Daisy Miller


Comedy / Drama / Romance

IMDb Rating 6.2 10 1126

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Uploaded By: FREEMAN
February 13, 2021 at 01:10 AM


Cybill Shepherd as Annie P. Miller
Eileen Brennan as Mrs. Walker
Mildred Natwick as Mrs. Costello
Nicholas Jones as Charles
839.54 MB
English 2.0
23.976 fps
1 hr 31 min
P/S counting...

Movie Reviews

Reviewed by heyjoem-1 10 / 10

beautifully and faithfully made adaptation

I strongly disagree with the limited, parochial, and dismissive comments of other reviewers' comments. Daisy Miller is a superb and literal adaptation of the Henry James novella. It is still a joy to watch and enjoy this period piece which is perfectly cast. I completely agree with Orson Welles that Cybill Shepherd was born to play Daisy Miller. Her performance is effortless and she aptly embodies Daisy in both looks and spirit. Bogdanovich was right on the mark with the casting of Ms. Shepherd. While it is true she was his girl friend at the time, it is also true that she was perfect for the role. Her interpretation involves rushing through the dialogue as if she couldn't wait for a response so she in turn could reply and in this case it is exactly what Daisy would have done. Cybill Shepherd was at the apex of her beauty and talent in Daisy Miller. She had just starred in three great American films-Last Picture Show, Heartbreak Kid, and Taxi Driver. Daisy Miller could easily be considered along with the three aforementioned film. When I am bored with high tech films, loud action adventure films, and post modern films, I often return with great pleasure to the sumptuous and beautifully realized Daisy Miller.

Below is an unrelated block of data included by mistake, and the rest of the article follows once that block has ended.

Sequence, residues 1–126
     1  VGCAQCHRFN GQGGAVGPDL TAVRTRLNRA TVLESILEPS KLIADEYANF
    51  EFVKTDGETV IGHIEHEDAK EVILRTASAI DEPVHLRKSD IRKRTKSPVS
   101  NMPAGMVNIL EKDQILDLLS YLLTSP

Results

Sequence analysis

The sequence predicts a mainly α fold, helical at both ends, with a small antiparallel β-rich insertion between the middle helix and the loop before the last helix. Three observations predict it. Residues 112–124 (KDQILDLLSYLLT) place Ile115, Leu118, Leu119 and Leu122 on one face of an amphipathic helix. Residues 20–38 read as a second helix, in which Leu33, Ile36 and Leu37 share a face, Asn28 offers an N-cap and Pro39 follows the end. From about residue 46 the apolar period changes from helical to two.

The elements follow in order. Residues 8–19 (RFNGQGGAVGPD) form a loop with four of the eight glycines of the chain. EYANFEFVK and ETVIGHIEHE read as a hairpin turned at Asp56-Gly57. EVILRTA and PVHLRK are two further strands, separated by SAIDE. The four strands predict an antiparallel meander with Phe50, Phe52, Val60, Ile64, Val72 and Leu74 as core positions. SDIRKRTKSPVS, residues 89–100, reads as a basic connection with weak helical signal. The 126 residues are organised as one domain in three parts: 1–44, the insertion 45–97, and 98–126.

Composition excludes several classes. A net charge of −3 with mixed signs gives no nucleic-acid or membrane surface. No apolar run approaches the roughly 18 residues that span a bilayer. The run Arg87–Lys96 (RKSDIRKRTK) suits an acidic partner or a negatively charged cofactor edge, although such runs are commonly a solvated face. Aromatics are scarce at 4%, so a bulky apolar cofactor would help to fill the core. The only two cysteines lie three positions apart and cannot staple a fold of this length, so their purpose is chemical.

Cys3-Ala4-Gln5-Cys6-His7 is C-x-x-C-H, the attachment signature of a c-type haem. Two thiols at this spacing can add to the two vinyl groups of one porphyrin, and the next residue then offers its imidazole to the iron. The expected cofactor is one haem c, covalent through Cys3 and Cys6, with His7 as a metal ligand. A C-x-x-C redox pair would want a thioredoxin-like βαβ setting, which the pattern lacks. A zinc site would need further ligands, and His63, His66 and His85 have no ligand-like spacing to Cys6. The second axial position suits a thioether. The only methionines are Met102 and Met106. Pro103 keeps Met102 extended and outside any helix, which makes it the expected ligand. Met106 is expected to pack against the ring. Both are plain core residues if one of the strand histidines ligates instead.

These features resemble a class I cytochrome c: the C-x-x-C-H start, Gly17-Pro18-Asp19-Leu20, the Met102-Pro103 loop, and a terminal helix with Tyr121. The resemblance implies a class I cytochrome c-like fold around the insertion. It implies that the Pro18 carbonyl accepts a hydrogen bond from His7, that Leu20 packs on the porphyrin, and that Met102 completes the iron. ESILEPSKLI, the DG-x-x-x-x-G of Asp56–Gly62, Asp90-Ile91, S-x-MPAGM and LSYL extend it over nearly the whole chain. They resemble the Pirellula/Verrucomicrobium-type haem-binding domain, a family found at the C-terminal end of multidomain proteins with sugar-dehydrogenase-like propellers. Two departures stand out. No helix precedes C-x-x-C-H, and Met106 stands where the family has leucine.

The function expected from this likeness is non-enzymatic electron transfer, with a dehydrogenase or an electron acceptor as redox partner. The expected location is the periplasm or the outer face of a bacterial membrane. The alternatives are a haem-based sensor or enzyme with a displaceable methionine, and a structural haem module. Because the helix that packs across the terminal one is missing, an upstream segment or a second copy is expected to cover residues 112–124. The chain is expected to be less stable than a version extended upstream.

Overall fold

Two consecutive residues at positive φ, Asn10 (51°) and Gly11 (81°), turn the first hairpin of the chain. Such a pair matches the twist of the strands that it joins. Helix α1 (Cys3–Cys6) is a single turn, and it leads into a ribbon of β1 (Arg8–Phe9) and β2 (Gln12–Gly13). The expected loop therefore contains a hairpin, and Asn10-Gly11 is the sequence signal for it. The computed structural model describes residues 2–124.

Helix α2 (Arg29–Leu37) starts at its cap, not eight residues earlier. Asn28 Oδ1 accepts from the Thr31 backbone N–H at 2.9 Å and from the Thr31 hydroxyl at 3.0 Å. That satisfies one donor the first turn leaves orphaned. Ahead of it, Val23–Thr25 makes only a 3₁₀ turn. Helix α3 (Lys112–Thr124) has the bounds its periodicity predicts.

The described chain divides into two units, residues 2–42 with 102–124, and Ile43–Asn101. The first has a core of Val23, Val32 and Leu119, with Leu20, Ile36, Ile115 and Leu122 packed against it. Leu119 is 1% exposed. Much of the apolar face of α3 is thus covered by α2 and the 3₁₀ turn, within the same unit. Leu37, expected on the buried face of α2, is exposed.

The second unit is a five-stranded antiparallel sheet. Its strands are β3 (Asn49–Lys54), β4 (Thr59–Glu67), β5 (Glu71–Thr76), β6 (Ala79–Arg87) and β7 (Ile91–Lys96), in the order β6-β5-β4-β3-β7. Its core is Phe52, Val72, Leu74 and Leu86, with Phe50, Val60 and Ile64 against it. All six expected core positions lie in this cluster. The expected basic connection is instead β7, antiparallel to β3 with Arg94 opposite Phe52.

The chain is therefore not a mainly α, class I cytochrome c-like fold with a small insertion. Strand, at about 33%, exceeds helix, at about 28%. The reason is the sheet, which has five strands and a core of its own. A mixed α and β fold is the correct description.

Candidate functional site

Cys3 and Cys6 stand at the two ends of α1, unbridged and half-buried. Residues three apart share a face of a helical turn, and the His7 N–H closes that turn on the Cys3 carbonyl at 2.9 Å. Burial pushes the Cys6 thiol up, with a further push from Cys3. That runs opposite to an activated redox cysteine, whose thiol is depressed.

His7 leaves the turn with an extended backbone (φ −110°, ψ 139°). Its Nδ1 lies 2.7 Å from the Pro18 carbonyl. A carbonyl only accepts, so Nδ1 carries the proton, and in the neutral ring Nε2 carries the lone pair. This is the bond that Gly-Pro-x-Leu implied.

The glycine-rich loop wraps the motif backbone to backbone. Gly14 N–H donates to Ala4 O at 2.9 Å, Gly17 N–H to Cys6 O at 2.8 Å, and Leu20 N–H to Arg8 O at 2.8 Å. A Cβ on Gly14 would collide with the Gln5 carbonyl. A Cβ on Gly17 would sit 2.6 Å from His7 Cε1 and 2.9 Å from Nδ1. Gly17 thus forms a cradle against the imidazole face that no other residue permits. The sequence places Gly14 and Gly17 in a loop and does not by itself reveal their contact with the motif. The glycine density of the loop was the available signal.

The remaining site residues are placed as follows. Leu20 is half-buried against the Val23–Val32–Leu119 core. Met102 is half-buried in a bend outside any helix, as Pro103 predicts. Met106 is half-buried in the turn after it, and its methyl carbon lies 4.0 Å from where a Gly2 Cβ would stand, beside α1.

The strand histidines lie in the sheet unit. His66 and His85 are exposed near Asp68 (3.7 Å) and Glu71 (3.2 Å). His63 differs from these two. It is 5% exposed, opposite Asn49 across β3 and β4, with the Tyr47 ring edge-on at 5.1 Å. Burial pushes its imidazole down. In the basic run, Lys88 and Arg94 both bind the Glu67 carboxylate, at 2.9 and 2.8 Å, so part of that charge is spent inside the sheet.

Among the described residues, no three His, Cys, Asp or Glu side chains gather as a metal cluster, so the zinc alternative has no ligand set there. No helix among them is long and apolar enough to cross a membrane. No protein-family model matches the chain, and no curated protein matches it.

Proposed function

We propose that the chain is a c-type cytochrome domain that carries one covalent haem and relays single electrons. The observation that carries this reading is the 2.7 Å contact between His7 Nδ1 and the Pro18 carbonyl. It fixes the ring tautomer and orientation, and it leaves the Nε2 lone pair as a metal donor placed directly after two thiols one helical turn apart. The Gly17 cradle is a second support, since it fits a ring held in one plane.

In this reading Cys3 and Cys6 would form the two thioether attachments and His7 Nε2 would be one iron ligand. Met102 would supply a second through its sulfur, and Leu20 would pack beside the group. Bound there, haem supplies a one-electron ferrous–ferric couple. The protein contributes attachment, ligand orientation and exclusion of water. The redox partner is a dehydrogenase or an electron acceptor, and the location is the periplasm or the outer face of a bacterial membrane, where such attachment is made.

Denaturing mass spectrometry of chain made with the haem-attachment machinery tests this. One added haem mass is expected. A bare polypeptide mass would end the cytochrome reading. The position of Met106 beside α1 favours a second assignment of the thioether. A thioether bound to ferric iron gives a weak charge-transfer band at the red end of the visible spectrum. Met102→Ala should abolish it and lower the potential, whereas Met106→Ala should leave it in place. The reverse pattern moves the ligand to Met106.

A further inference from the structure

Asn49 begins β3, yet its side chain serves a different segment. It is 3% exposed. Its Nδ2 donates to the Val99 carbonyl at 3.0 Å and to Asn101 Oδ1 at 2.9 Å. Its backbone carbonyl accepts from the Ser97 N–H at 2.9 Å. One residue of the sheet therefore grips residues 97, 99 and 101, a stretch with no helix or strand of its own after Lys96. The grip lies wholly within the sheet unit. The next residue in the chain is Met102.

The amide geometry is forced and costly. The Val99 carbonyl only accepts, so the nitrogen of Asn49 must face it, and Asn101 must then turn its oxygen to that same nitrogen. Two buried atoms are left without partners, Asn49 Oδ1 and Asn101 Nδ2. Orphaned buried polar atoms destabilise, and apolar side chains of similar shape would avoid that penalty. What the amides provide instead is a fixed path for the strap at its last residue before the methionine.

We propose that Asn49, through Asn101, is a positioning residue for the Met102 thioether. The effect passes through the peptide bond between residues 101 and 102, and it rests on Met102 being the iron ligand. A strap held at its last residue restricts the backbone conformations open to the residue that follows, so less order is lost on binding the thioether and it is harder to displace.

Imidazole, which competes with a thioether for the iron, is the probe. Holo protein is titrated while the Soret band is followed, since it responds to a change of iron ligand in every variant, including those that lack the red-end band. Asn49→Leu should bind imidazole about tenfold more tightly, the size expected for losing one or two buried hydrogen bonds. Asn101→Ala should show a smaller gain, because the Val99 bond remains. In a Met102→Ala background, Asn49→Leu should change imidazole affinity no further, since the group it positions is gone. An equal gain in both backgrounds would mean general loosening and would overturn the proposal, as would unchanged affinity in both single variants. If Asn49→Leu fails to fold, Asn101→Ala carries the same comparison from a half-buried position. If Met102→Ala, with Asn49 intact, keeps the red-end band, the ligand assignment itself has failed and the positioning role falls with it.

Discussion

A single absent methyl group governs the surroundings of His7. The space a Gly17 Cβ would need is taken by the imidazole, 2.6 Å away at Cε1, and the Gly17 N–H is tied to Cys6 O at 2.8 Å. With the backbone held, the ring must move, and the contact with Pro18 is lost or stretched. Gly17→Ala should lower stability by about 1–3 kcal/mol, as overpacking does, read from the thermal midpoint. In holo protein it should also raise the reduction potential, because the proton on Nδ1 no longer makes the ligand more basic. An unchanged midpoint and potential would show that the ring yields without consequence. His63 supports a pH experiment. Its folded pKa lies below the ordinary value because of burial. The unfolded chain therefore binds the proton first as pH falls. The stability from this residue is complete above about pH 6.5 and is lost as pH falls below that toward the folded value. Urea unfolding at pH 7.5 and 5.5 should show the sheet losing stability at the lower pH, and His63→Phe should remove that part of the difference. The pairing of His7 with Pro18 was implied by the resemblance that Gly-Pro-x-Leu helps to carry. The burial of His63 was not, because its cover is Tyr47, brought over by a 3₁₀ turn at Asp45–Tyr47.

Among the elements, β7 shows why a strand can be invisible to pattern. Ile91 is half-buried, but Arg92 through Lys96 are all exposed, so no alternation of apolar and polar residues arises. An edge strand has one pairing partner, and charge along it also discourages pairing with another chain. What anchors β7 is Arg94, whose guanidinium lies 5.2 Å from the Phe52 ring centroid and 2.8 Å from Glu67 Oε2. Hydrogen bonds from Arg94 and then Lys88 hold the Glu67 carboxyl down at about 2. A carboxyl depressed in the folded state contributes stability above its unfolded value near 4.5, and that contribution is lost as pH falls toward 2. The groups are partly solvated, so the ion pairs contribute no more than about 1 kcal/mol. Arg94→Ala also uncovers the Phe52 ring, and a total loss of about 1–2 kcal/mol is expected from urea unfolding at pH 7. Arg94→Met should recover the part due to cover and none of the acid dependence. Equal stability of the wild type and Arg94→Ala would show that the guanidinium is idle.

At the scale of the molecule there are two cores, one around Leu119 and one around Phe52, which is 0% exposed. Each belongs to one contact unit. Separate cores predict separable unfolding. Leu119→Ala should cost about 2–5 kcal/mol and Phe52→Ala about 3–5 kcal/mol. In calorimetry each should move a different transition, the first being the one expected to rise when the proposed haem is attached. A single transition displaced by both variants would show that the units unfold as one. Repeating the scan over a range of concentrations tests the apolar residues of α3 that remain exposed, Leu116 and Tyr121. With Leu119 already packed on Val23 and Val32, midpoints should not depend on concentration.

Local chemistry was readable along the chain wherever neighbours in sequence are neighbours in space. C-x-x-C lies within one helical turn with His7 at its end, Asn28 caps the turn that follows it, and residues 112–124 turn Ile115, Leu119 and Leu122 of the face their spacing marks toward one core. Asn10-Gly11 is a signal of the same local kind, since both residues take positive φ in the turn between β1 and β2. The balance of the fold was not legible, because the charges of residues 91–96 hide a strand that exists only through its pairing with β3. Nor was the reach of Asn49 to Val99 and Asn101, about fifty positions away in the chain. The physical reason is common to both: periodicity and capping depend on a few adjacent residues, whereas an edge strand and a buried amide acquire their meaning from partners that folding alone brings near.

Reviewed by paleolith 7 / 10

sumptuous scenery, good performances, faithful to the original story

Many reviewers here seem to have confused the story and characters with the film and the actors.

Yes, Daisy in the film is rather flat and monotonous. But that's a high compliment -- that the ravishing Cybill Shepherd could so accurately portray such a flat character. Henry James at one point describes Daisy's expression as a "light, slightly monotonous smile", in another her voice as a "little soft, flat monotone". He says late in the story that "there was always, in her conversation, the same odd mixture of audacity and puerility". No, she wouldn't be a very pleasant person to be around for long. But that was part of James's point: that our attraction to people (especially those of the opposite sex) often defies reason. Shepard makes the point well.

Some have commented that they wished the story had been filled out. Some of those apparently haven't read the story. One of those critics even places the story wrong by forty years. Though called a novella, it's barely more than a short story. In fact the film does a remarkable job of portraying the events and (more importantly) the characters very much as they are in the story. The great majority of the dialog in the film is verbatim from the story.

In some instances, the scenes and characters were significantly expanded from the James story. How far should a director go, if the aim is to film a classic story, not just to make something derived from that story? James's characters were pretty flat, a lot flatter than those in the film. One could justifiably criticize the film for telling the story far better than James did.